However, the existing benefits would have disappeared if he had invested the same money in another program. 

Example #2

According to CNBC news, DPPs generate an income of 5-7% for retail investors. Besides that, non-listed real estate investment trusts have a market share of 65%. In contrast, business development companies capture 32% of the market. 

Benefits And Risks

Direct participation plans allow individuals to invest their still money and make passive income. In addition, the interest earned through this investment is around five to seven percent. Moreover, since it is a highly curated program, the partners’ liability is also limited. Besides, they get certain tax benefits and deductions after incurring all expenses. 

Although DPP is a great investment option, it has certain cons. While it offers investment options, the investors must wait to liquidate it. For example, if they buy a DPP with a minimum lock-in of 10 years, they can sell or access it only after ten years. Also, the investors need help accessing the company’s account records.

BenefitsRisks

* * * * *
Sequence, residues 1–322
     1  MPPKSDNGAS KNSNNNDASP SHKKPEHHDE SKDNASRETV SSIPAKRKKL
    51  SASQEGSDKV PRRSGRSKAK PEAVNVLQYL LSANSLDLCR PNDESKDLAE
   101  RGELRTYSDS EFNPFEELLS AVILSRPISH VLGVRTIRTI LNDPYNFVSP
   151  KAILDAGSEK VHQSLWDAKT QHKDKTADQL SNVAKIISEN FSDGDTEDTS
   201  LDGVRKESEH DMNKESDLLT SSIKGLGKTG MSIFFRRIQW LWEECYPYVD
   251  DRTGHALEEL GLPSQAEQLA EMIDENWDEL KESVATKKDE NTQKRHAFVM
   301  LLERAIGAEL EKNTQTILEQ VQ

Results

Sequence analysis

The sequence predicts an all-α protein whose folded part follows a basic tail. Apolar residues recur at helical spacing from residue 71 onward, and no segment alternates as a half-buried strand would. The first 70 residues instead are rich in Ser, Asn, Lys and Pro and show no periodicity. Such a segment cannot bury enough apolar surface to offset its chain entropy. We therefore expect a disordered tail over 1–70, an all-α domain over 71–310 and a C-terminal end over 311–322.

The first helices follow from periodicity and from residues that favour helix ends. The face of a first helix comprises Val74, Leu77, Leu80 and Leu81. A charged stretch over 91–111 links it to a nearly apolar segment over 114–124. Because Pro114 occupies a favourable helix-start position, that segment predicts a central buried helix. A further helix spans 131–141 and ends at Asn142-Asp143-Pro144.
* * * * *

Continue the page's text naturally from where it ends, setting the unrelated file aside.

Good rate of interest earned.Less liquidity of assets
Attracts limited liabilityLimited disclosures of the company’s statements
Tax advantagesThe fixed lock-in period of 10 years

Frequently Asked Questions (FAQs)

1. Are direct participation programs exempt?

DPPs are exempt from tax payments under Rule 2810 of FINRA. Therefore, they allow investors to get tax benefits on business expenses. Also, they do not have to pay any corporate tax on it. 

2. Is a direct participation program security?

DPP is a financial security that enables high returns and limited risk. Although the investor gets similar features to investment security, it offers maximum tax benefits to the users.

3. What’s the difference between a REIT and a direct participation program?

While DPP is a broader term, REIT is a type of DPP where investors can invest their pooled money in the real estate sector. Here, they receive high deductions on business transfers and distributions. However, DPP is a collective investment that allows investment in all sectors. 

4. Are Hedge Funds Direct Participation Programs?

No, Hedge funds are not a part of DPP. Although the management of this limited liability company seems similar, there is a huge difference between both. 

This has been a guide to what is a Direct Participation Program. We explain it with its types, examples, benefits, and risks. You can learn more about financing from the following articles –